POSTED IN THE EVICTION & TENANT OWES RENT
When the landlord files the Eviction court case, the court clerk will issue the time and place of the hearing. The landlord must have the Complaint and Summons personally served to the tenant by the sheriff or licensed process server. I definitely prefer the licensed process server because they can get the job done.
Before the court hearing, the landlord will pick the proof of service from the sheriff or process server to present to the Judge. Either one of the servers will make out an abode to attach to the copy of the Complaint and Summons.The abode states the location, date, time and name of person accepting service.
SERVER FAILED TO SERVE COMPLAINT & SUMMONS?
1) The landlord will present the non-service to the Judge and ask for an “Alias Summons“. Alias Summons means the landlord would like another court date awarded to attempt to get the documents served. The landlord would still being going for possession and a money judgment. The court clerk will issue the Alias Complaint and Summons and the documents must be served by the server.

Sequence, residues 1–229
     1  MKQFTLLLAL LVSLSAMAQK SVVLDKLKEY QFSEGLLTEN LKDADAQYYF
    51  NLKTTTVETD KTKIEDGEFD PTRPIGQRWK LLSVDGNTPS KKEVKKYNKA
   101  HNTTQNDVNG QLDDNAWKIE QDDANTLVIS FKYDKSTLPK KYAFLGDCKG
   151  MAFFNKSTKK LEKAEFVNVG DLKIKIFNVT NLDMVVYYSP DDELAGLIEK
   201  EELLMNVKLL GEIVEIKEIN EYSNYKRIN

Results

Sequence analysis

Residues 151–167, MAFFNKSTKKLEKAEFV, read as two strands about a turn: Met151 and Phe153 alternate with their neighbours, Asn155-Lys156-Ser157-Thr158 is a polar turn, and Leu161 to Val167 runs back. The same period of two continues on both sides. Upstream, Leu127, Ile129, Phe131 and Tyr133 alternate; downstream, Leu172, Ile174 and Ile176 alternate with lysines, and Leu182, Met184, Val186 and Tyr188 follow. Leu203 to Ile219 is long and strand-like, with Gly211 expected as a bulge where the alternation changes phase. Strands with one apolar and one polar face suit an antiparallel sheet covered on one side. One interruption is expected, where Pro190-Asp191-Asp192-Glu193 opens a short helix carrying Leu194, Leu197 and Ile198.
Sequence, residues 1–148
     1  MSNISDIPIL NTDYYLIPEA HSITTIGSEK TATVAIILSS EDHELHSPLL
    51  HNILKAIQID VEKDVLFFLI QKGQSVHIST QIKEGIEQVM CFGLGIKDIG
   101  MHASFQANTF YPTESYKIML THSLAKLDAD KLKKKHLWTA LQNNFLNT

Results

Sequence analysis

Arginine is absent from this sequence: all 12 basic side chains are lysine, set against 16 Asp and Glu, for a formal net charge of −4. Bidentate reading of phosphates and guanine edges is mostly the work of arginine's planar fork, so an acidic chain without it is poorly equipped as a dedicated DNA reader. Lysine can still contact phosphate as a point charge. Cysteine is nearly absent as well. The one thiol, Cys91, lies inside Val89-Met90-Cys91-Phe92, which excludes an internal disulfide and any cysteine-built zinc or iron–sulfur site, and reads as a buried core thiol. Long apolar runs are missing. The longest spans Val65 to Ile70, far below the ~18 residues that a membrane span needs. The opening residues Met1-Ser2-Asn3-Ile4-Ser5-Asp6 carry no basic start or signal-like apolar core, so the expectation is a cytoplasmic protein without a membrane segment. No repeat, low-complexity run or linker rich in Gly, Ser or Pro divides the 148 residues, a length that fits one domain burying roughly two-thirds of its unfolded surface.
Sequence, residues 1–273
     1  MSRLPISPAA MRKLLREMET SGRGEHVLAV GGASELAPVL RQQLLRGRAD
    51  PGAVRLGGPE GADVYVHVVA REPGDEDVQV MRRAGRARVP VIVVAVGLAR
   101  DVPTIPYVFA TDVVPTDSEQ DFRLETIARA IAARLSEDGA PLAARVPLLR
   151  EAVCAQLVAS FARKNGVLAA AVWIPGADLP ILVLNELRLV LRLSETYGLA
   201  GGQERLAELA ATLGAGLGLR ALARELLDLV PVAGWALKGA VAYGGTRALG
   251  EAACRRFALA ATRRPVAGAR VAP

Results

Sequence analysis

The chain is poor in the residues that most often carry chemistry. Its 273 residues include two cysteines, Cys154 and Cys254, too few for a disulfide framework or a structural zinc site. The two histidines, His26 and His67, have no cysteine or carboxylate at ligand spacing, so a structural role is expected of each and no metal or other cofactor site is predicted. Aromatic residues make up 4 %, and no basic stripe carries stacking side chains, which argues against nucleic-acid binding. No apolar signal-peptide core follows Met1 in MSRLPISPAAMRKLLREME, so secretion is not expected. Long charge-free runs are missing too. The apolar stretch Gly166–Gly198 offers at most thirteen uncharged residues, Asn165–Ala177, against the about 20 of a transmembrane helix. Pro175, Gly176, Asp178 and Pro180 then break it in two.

2) The landlord will present the non-service to the Judge but instead of “Alias Summons” he/she would ask the Judge to grant the leave to “Post”. The Judge would award a posting hearing and the landlord would give up the money judgment to get possession. The posting documents issued by the court will be taken to the sheriff’s office, They will go to the rental and post on the door. The documents will also be posted in the courthouse.At the posting hearing, the landlord should ask the Judge to grant immediate possession.
The good news is the landlord can take the tenant that still owes rent to Small Claims court. If there is damages above the security deposit and/or unpaid utility bills, he/she can add them to the lawsuit.
Every landlord needs training to represent themselves in court.
Gary and Cynthia Schmidt have been landlords for over 30 years with over 500 tenants. The Schmidt’s couldn’t take when the tenants lived in the rentals and didn’t pay the rent. After a couple evictions, Cynthia dove into the Post-Judgment Proceedings to collect. Cynthia represented herself in court and has collected over $300,000 in judgments.